One last shot of the linkage we are talking about between Yen based liquidity and at least one asset class we believe is very dependent on greater global liquidity. Can we suggest that a strong Yen (as a sign of Japan being monetarily restrictive) isn't exactly a good thing for those assets quite dependent on continued liquidity creation?
At least until further notice, we consider it mandatory to watch the monthly BOJ monetary asset base numbers as well as the ongoing relative movement in the Yen.
Stags Leap?...For any of you familiar with the history of Stags Leap Wine Cellers (Napa Valley), you'll know that this now popular winery came into the public eye back in 1976. In that year, Stag's Leap Cabernet beat out Château Mouton Rothschild, Château Montrose, Château Haut-Brion and Château Leoville Las Cases in a blind tasting test at the Paris Wine Tasting event. Historic in that a relatively unknown California Cabernet virtually out of nowhere trumped what had been considered the world's best at the time. Talk about a surprise, this put Stags Leap and the Napa Valley on the global winemaking map. And, of course, no one saw it coming. Is there yet another "stag" surprise of sorts lying ahead for the US economy? Specifically, we're referring to a potential encounter with stagflationary tendencies, or more correctly, heightened perceptions of a stagflationary environment. To be honest, a number of anecdotes toward this end are starting to add up. And, of course, the reason this is meaningful is that stagflation is an infrastructural boa constrictor for both equity and bond valuations.
Before going any further, we'll once again reiterate the importance of Bank of Japan policy as well as their proximate neighbors as the People's Bank Of China. If indeed the BOJ continues down the path of monetary base destruction in a relatively rapid manner, the fallout effects on global equities and commodity prices will be depressive. Academically under this scenario, economic growth and prices should slow, so stagflation as a concept would be off the table. But if the BOJ slow their monetary braking actions of the moment and the liquidity driven carry trade resumes with equity and commodity prices once again moving north, the stagflation threat could become very real before this year is out. Importantly, remember that it's not actually what ultimately happens in the economy down the road that's important to our near term investment activities, it's what market participants believe will happen that is important to financial asset prices of the here and now. Oh, the power of perceptions and how they influence behavior. Let's look at some anecdotes from the real world.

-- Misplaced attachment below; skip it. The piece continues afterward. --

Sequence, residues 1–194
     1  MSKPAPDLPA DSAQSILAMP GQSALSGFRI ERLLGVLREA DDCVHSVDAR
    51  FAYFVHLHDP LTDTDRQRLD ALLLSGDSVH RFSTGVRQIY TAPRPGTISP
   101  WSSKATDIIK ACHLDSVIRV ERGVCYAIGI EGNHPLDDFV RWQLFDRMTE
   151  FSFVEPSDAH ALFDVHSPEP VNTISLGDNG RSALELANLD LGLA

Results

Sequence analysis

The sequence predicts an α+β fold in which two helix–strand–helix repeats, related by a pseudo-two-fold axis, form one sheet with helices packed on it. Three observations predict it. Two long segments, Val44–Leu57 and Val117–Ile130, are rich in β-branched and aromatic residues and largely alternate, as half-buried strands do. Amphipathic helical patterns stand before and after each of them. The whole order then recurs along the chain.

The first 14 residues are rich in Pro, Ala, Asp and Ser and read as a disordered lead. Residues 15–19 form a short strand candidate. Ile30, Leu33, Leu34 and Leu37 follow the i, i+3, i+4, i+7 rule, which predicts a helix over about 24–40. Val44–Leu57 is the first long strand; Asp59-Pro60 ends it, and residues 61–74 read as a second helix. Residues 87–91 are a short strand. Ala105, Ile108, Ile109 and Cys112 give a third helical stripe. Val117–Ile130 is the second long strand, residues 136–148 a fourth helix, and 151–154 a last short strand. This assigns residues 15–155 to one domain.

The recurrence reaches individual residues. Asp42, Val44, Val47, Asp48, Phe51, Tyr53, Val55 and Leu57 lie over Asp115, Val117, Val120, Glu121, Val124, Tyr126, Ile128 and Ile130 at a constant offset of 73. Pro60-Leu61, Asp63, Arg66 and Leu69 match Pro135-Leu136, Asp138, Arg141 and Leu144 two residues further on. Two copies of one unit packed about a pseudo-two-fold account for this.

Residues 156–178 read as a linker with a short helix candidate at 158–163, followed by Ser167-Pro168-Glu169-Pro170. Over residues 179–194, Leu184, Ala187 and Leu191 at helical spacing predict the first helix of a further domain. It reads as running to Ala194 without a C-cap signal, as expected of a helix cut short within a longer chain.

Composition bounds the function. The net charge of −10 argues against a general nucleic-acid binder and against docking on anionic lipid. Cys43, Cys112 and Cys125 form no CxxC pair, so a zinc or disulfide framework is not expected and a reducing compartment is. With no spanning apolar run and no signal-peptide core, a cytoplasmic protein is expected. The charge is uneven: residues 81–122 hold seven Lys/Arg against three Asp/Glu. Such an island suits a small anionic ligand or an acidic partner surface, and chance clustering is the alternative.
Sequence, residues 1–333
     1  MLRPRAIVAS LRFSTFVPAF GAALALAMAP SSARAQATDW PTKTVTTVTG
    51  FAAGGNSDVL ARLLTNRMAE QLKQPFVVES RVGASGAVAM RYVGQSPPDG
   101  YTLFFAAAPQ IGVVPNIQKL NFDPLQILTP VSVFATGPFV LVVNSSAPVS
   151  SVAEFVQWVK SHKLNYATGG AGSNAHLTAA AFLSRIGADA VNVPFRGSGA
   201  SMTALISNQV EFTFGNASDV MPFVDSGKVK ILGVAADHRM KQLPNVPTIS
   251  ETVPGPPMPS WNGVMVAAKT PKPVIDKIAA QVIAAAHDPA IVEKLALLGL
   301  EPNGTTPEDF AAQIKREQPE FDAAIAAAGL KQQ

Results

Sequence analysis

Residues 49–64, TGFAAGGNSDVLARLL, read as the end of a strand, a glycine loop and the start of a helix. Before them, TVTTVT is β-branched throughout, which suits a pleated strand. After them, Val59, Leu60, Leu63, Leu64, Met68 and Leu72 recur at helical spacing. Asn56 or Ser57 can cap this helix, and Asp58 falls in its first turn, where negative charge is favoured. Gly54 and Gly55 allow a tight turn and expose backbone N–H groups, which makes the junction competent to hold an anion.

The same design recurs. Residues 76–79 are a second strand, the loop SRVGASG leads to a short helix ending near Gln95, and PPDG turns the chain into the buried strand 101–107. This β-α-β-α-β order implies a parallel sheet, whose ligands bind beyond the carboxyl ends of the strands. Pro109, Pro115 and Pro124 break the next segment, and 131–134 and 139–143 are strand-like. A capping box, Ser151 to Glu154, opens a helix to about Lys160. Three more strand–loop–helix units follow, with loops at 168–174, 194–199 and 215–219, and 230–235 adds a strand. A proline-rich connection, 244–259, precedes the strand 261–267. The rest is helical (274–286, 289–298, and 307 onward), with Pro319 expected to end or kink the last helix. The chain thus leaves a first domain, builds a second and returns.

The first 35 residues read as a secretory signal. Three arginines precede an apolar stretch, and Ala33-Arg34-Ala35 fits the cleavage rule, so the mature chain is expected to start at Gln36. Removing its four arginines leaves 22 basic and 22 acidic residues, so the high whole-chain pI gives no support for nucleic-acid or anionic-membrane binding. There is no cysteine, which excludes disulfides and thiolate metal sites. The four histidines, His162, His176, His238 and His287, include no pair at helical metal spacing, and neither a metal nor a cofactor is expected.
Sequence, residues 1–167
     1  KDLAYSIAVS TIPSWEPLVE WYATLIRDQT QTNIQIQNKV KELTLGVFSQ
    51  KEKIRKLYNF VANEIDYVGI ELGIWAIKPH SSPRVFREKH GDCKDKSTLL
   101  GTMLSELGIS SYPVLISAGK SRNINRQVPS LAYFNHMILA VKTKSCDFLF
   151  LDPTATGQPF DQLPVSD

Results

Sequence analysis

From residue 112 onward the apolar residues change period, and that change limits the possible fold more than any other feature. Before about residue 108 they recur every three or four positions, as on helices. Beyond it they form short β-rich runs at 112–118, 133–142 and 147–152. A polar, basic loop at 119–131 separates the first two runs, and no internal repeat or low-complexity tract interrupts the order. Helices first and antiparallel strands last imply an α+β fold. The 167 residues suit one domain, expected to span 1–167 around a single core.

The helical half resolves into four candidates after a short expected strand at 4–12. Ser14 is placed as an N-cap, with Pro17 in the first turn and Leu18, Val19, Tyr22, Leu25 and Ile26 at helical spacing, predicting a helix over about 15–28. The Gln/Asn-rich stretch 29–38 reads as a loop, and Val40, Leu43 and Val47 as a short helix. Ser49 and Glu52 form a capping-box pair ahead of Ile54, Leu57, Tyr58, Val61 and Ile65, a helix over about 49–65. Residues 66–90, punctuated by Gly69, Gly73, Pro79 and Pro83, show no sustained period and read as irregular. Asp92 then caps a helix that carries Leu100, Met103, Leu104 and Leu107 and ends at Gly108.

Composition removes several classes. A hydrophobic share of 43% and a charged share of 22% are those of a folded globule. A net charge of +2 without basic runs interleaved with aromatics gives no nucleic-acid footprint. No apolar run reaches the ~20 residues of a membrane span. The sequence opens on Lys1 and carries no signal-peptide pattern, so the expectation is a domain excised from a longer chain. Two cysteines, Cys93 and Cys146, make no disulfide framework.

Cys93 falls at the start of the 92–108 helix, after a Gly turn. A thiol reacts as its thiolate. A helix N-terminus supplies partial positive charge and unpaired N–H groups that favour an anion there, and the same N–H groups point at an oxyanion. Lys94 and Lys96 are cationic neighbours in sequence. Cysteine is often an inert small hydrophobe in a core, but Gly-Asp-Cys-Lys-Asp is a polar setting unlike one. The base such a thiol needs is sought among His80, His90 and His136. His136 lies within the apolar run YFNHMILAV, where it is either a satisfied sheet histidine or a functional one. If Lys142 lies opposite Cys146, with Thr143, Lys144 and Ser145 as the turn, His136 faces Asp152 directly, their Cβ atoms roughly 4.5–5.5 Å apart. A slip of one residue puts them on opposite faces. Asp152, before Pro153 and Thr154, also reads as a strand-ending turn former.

It literally goes without saying that what happens to the US housing market will have a great impact on the real US economy. We're not going to debate the housing bubble characterization. Last month we detailed our thoughts that the outlet for global excess liquidity had already moved from equities to real estate and now to commodities. There exists enough current evidence to more than suggest residential real estate dynamics are changing in the US in many markets. The importance is housing's influence on the real economy. First, we already know that the payroll employment recovery since 2003 has been very positively impacted by the boom in US housing. But now we've begun to see the flipside as a number of mortgage companies have either closed their doors or cut back their employee base quite meaningfully recently. With the drop in housing volume as of late, this directly and negatively translates into realtor, title company, mortgage company, construction worker, etc. paychecks. Probably the largest single unknown of the moment concerns mortgage equity withdrawal. Let's do some simple numbers. In a $13 trillion economy, $130 billion of mortgage equity withdrawal (MEW) is equal to 1% of GDP. We know that in 2005, in excess of $800 billion was "extracted" from US residential real estate values in the form of MEW, up from a mere $100 billion ten short years ago. You can do the math. A contraction in MEW, especially given the multiplier effect of money moving through the US financial system, could be a big potential drag on GDP growth. And to see how this works, the chart below pretty much spells it out. We're looking at the NAHB (Natl. Assoc. of Home Builders) Housing Index since 1985. As you can see, every single meaningful dip in this index, as we have now experienced in the current cycle, was met with a meaningful rate of change decline in nominal GDP over the last twenty years. Will this time be different? We think not. If nominal GDP is not slowing relatively meaningfully by year end/early 2007, we'll be pretty darned surprised. In fact, it will be time to rewrite the history books.
Further, we know that headline inflation indicators can lag by their very nature. But we've also been very suspect of current calculations as the CPI of today bears almost no resemblance to the calculation of twenty years ago. That being said, we spent an entire recent monthly discussion on follow through. Specifically, the follow through of higher energy and commodity prices into headline inflation statistics. We've been stunned given the multi-year rise in commodity prices that so little of this has as of yet shown up in the CPI, or more specifically the currently revered core CPI. Yes, globalization has helped the cause, but it does not explain the entire story. The charts below are two popular measures of inflation. The first is the core CPI. Trending higher than the consensus has been anticipating and still remains much higher than was the case after a record sixteen interest rate increases by the Fed. It seems as though "follow through", so to speak, in energy and materials prices are upon us.